Geography is the study of the earth’s surface, its physical features, climate and population.
“A high-quality geography education education should inspire in pupils a curiosity and fascination about the world and it’s people.”
The intentions of our Geographical education are:
- To develop a sense of place.
- To develop skills in investigating the physical and human features of the pupils’ surroundings.
- To develop an awareness that the world extends beyond the pupils’ surroundings.
- To develop an awareness that the world extends beyond the pupils’ own environment.
Teaching and Learning
Our children will develop knowledge about the world, the United Kingdom and their locality. They are taught to understand basic subject-specific vocabulary relating to human and physical geography and begin to use geographical skills, including first-hand observation, to enhance their locational awareness.
Pupils should be taught to:
- name and locate the world’s seven continents and five oceans
- name, locate and identify characteristics of the four countries and capital cities of the United Kingdom and its surrounding sea
- understand geographical similarities and differences through studying the human and physical geography of a small area of the United Kingdom, and of a small area in a contrasting non-European country Human and physical geography
- identify seasonal and daily weather patterns in the United Kingdom and the location of hot and cold areas of the world in relation to the Equator and the North and South Poles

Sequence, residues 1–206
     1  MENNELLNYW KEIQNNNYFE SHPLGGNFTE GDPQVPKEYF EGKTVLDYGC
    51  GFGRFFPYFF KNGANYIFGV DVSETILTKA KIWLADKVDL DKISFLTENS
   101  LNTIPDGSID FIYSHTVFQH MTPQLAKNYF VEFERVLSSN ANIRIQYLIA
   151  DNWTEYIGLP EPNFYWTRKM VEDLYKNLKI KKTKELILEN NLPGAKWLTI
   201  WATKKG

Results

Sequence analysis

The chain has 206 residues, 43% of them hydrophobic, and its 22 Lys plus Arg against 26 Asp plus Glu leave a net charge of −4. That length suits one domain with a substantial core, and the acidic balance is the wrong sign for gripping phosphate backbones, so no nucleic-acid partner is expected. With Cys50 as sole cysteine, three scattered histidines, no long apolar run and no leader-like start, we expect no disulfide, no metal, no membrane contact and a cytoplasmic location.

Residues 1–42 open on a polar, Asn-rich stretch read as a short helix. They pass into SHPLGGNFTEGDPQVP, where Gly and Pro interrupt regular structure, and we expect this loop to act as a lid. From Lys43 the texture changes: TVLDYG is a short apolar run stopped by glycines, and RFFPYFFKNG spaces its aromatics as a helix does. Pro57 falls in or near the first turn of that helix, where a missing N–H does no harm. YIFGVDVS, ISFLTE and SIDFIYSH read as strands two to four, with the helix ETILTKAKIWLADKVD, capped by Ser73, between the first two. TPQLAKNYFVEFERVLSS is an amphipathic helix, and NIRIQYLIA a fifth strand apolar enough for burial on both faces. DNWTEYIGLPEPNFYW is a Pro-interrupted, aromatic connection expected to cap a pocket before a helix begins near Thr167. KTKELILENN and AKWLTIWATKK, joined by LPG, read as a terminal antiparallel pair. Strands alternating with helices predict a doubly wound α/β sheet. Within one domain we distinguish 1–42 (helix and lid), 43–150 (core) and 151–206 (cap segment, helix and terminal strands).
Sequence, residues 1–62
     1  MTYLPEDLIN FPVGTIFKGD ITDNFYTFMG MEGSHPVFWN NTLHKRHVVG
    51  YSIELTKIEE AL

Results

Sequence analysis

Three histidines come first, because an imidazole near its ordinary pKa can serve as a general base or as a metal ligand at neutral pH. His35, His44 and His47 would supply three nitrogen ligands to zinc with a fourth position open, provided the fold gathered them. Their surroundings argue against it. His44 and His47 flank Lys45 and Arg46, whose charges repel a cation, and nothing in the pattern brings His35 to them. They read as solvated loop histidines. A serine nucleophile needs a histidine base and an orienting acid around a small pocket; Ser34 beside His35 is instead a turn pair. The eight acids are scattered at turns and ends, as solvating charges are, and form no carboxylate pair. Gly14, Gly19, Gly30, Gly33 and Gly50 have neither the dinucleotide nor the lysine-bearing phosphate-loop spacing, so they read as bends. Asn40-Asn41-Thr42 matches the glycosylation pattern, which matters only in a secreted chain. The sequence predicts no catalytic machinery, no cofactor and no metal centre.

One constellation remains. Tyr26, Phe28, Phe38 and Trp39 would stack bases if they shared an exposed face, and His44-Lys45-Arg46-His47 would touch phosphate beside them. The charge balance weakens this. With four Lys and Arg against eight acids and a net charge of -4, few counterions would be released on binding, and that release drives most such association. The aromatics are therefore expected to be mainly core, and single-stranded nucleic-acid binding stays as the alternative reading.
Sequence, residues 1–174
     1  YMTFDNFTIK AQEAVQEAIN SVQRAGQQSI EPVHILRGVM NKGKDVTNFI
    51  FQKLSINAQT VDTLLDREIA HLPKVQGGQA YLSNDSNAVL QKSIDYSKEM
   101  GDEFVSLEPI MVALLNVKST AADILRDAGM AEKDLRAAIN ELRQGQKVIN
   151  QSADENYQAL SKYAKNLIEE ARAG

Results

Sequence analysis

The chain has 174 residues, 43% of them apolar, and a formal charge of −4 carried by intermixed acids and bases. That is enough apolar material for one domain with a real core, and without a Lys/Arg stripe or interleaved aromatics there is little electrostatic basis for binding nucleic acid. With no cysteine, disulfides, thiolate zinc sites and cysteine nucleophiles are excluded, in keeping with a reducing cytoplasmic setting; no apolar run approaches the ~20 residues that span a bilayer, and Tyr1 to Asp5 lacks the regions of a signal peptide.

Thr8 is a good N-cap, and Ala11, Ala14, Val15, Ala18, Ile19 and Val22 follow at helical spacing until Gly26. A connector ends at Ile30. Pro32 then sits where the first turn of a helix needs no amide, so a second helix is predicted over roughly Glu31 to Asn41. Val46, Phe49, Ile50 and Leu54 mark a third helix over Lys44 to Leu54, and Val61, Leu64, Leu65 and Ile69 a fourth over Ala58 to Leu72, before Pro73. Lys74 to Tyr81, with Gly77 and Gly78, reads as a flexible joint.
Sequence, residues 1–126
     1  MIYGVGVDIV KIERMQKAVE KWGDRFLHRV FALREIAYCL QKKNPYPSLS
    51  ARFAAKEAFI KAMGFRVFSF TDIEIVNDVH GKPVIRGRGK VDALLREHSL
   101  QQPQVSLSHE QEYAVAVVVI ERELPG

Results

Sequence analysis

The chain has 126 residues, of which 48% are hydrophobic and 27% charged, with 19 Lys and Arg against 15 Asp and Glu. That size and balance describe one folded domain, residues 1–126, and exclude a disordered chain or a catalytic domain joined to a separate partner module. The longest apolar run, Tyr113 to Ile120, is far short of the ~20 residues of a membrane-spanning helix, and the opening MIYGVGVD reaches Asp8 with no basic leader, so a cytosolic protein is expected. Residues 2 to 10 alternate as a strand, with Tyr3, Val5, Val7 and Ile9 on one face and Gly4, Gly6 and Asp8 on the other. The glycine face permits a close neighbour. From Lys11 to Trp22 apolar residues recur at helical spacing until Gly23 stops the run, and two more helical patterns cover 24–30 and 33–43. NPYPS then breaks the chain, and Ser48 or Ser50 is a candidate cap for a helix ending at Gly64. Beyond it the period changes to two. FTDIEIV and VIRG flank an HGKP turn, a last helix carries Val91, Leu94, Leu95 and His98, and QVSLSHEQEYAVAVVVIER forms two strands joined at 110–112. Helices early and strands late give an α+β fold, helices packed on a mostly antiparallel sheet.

Use basic geographical vocabulary to refer to:
- key physical features, including: beach, cliff, coast, forest, hill, mountain, sea, ocean, river, soil, valley, vegetation, season and weather
- key human features, including: city, town, village, factory, farm, house, office, port, harbour and shop
Geographical skills and fieldwork:
- use world maps, atlases and globes to identify the United Kingdom and its countries, as well as the countries, continents and oceans studied at this key stage
- use simple compass directions (North, South, East and West) and locational and directional language [for example, near and far; left and right], to describe the location of features and routes on a map
- use aerial photographs and plan perspectives to recognise landmarks and basic human and physical features;
- devise a simple map; and use and construct basic symbols in a key
- use simple fieldwork and observational skills to study the geography of their school and its grounds and the key human and physical features of its surrounding environment.
Equal Opportunities and Inclusion
All pupils irrespective of ethnicity, religion, gender or ability are given equal access to the Geography curriculum where possible. Able, gifted and talented pupils will be supported through the subject developing analysis, thinking skills and evaluation techniques. Teachers will aim to be sensitive to problems linked to ethnicity and religion.